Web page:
SS-31 Is a Novel Mitochondrial-Targeted Therapy That Crosses Blood-Brain Barrier
Mitochondria play a vital role in cellular metabolism. Because of their widespread effects on cellular functions, mitochondrial dysfunction is implicated in a wide range of diseases. As such, mitochondria, the tiny energy factories found in most cells, are prime targets for drug development. But developing mitochondria-targeted drugs has been a daunting task.
Diane Felsen, PhD, is Associate Professor of Pharmacology Research in Urology at Weill Cornell Medicine, where she is Co-Director-together with Dix P. Poppas, MD-of the Institute for Pediatric Urology Research Lab, in New York City. Dr. Poppas is Professor of Pediatric Urology and Chief of the Institute for Pediatric Urology at NewYork-Presbyterian Hospital/Phyllis and David Komansky Center for Children's Health at Weill Cornell Medical Center.
Drs. Felsen and Poppas are researching a highly promising mitochondrial-targeted drug candidate, known as SS-31, which targets the inner mitochondrial membrane (IMM). As Dr. Felsen explained, its discovery was completely serendipitous.
"It was designed for something totally different," she said. "Discovering that SS-31 went into the IMM has led to a new first-in-class group of compounds that can restore cellular bioenergetics."
SS-31 belongs to the Szeto-Schiller (SS) family of peptides. Dr. Felsen's colleague, Hazel H. Szeto, MD, PhD, was researching the ability of one of these peptides, SS-02, to bind to the mu-opioid receptor and accidentally discovered its potential for crossing the blood-brain barrier. Subsequent studies showed that SS-02 could readily cross cell membranes and target the IMM (J Biol Chem 2004;279:34682-34690). Eventually, the peptide analog SS-31 was designed to selectively target the IMM, while having a negligible effect on opioid receptors.
"There are a lot of drugs that are touted as mitochondria-targeted, but they're not particularly useful or effective," Dr. Felsen noted. "SS-31 and this class of compounds are unique."
One of the things that makes these peptides unique is their ability to highly concentrate within the IMM. SS-31 binds selectively to cardiolipin, a phospholipid expressed exclusively on the IMM. Changes in cardiolipin have been associated with age and multiple pathologies, including diabetes, skeletal muscle weakness, neurodegenerative diseases, traumatic brain injury, heart failure and ischemia-reperfusion injury.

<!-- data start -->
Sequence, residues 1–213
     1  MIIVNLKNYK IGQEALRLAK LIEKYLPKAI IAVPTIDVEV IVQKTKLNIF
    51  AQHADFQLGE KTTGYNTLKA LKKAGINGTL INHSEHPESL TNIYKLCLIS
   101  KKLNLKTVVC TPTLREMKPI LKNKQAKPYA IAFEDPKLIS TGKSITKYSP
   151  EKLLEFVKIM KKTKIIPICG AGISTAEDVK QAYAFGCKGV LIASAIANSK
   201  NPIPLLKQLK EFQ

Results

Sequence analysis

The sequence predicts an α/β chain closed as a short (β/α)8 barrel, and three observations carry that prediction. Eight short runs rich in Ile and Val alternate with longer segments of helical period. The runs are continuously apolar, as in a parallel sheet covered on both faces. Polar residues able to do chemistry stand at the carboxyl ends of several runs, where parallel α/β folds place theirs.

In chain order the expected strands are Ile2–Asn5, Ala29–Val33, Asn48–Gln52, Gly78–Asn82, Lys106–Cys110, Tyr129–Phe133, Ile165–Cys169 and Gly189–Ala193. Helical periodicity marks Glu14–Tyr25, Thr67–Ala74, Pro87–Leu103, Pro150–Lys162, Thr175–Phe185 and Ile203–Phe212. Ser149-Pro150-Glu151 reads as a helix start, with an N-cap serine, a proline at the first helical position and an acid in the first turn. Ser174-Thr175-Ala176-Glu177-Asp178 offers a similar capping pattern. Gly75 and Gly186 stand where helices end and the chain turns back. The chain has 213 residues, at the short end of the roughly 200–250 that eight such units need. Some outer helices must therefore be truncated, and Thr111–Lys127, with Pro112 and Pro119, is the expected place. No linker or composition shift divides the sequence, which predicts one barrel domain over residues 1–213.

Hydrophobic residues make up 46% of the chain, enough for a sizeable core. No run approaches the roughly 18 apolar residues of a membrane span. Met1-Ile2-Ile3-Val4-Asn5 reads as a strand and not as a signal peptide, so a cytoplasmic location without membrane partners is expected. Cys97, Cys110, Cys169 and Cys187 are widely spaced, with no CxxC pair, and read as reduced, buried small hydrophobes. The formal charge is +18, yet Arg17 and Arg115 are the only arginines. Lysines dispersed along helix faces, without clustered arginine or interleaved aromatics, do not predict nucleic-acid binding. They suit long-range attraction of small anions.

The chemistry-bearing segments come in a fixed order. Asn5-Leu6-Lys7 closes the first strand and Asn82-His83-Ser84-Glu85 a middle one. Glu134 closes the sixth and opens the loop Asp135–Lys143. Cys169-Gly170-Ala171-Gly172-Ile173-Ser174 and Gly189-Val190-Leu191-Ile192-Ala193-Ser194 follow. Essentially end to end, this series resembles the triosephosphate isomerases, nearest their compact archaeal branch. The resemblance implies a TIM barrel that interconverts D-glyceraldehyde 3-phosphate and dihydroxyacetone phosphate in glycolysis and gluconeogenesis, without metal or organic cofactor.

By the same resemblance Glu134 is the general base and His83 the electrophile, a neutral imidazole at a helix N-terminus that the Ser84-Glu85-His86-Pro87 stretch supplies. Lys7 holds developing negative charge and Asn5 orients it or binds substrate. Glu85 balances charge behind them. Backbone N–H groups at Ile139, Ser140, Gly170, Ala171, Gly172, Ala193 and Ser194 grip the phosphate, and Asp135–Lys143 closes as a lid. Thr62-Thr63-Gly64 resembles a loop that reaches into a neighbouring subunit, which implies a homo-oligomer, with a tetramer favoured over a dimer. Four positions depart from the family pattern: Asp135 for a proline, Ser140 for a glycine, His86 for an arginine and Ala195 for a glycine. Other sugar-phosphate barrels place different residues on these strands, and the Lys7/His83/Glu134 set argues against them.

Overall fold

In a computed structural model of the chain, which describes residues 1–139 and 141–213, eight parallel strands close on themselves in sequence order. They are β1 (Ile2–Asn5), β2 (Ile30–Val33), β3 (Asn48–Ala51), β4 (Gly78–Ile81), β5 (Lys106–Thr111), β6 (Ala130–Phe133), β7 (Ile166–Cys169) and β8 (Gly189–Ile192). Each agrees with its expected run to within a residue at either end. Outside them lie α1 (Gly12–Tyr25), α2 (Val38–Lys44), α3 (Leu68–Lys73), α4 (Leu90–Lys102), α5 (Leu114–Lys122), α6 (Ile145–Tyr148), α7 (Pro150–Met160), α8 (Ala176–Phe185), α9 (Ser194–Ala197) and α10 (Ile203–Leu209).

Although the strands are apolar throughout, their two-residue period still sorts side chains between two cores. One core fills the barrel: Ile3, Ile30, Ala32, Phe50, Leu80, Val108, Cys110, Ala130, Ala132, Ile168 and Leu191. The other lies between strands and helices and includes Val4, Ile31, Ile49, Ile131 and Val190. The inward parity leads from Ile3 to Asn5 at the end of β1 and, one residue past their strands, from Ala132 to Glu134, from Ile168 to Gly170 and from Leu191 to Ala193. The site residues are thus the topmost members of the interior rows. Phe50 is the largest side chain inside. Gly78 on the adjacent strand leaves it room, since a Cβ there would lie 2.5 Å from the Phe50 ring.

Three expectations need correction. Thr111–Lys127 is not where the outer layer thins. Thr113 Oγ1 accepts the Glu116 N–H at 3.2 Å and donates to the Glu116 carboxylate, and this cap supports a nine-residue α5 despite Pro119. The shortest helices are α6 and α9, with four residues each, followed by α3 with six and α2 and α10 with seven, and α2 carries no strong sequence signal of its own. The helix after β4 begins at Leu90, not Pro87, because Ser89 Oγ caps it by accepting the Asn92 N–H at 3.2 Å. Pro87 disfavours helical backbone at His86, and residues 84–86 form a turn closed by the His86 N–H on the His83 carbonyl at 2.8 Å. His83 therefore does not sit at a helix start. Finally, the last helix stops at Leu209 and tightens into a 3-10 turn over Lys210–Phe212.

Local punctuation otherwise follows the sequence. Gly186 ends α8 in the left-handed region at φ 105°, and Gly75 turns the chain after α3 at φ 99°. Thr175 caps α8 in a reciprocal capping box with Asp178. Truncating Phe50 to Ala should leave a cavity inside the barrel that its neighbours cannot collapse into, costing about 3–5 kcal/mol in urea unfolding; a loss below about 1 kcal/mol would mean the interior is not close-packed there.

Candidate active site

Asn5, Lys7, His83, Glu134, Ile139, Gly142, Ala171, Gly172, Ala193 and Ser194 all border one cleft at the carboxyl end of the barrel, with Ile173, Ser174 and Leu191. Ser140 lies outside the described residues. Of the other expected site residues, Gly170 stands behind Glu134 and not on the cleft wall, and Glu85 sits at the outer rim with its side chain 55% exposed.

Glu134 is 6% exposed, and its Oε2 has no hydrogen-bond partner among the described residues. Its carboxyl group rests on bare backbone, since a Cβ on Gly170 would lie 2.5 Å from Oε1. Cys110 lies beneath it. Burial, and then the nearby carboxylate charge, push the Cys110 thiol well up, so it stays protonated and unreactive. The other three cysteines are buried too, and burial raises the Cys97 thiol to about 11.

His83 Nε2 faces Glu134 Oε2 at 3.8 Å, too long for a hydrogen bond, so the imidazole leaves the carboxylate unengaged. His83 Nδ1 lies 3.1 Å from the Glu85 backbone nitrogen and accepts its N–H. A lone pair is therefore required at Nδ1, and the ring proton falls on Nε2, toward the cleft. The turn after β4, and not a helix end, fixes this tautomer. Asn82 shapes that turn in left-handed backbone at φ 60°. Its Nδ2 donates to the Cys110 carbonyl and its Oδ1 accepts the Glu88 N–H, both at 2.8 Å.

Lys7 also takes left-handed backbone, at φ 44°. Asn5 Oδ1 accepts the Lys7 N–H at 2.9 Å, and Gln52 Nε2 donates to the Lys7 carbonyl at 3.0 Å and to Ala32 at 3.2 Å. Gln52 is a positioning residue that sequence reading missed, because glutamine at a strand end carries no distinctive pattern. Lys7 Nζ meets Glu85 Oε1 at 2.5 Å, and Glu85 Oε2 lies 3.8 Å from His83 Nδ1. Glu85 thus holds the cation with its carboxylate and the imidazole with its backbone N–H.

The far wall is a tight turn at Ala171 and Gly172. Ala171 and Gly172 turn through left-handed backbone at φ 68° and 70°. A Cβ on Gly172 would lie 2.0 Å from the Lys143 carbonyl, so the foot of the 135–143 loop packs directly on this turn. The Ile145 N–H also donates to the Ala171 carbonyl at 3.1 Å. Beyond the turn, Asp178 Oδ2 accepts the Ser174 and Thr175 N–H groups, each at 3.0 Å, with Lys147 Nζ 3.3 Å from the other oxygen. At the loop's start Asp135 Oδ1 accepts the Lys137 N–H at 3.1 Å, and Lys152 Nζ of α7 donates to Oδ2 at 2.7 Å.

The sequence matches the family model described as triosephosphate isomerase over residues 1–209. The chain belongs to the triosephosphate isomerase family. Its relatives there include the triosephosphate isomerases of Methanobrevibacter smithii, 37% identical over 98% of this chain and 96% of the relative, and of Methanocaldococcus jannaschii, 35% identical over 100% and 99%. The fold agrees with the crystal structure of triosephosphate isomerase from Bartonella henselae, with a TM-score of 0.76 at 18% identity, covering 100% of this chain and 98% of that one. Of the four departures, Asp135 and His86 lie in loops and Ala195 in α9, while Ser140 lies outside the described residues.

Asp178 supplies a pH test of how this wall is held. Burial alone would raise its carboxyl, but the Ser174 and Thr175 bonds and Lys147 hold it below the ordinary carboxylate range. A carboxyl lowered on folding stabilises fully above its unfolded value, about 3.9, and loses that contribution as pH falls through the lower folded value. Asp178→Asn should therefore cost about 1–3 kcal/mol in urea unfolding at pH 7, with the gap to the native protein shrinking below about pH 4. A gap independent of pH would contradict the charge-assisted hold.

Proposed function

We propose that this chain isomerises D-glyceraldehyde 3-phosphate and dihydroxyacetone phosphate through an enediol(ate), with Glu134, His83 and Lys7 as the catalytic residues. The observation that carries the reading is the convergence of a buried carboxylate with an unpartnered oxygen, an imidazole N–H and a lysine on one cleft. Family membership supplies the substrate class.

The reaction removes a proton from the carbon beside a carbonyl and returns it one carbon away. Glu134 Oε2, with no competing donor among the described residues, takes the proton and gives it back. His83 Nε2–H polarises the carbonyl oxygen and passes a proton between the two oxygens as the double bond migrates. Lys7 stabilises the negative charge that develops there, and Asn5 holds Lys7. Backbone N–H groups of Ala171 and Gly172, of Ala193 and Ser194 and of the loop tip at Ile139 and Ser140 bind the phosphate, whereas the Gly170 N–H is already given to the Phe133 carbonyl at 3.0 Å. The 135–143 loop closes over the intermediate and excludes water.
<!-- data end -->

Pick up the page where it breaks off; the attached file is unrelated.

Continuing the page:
Dr. Felsen and her colleagues first demonstrated the effectiveness of SS-31 in the attenuation of renal damage based on a 14-day unilateral ureteral obstruction model in rats (Am J Physiol Renal Physiol 2008;295:F1545-F1553). Ureteral obstruction causes renal damage in two ways: Tubular apoptosis occurs as an early event, followed by inflammation and interstitial fibrosis in response to cytokine and chemokine release from injured tubular cells. Dr. Felsen and her colleagues showed that SS-31 significantly decreased tubular apoptosis and interstitial fibrosis, providing proof of concept that peptides targeting the IMM can protect against obstructive kidney damage.
Renal obstruction occurs in adults for a variety of reasons, and can occur in utero. "For example, some children are born with obstructed systems," Dr. Felsen said. "When that happens, there is a waiting period where the urologist waits to see whether or not the obstruction resolves. There aren't markers to figure out who will resolve and who won't, and there's nothing to ameliorate the damage that is happening while the urologist and the family wait." A drug like SS-31, which has been shown to be safe in adults, might be used during this waiting period. SS-31, as elamipretide, is currently in clinical trials for heart failure and mitochondrial myopathy.
Ischemia-reperfusion injury is also a critical factor in the damage caused by testicular torsion. Current studies in rats are designed to test the efficacy of SS-31 in a torsion model. If these preclinical studies are successful, they could lead to future studies in patients. Timely reperfusion is paramount in reducing the damage caused by ischemia. Dr. Felsen and her colleagues are hoping that SS-31 could be the key to buying that time for patients in need.
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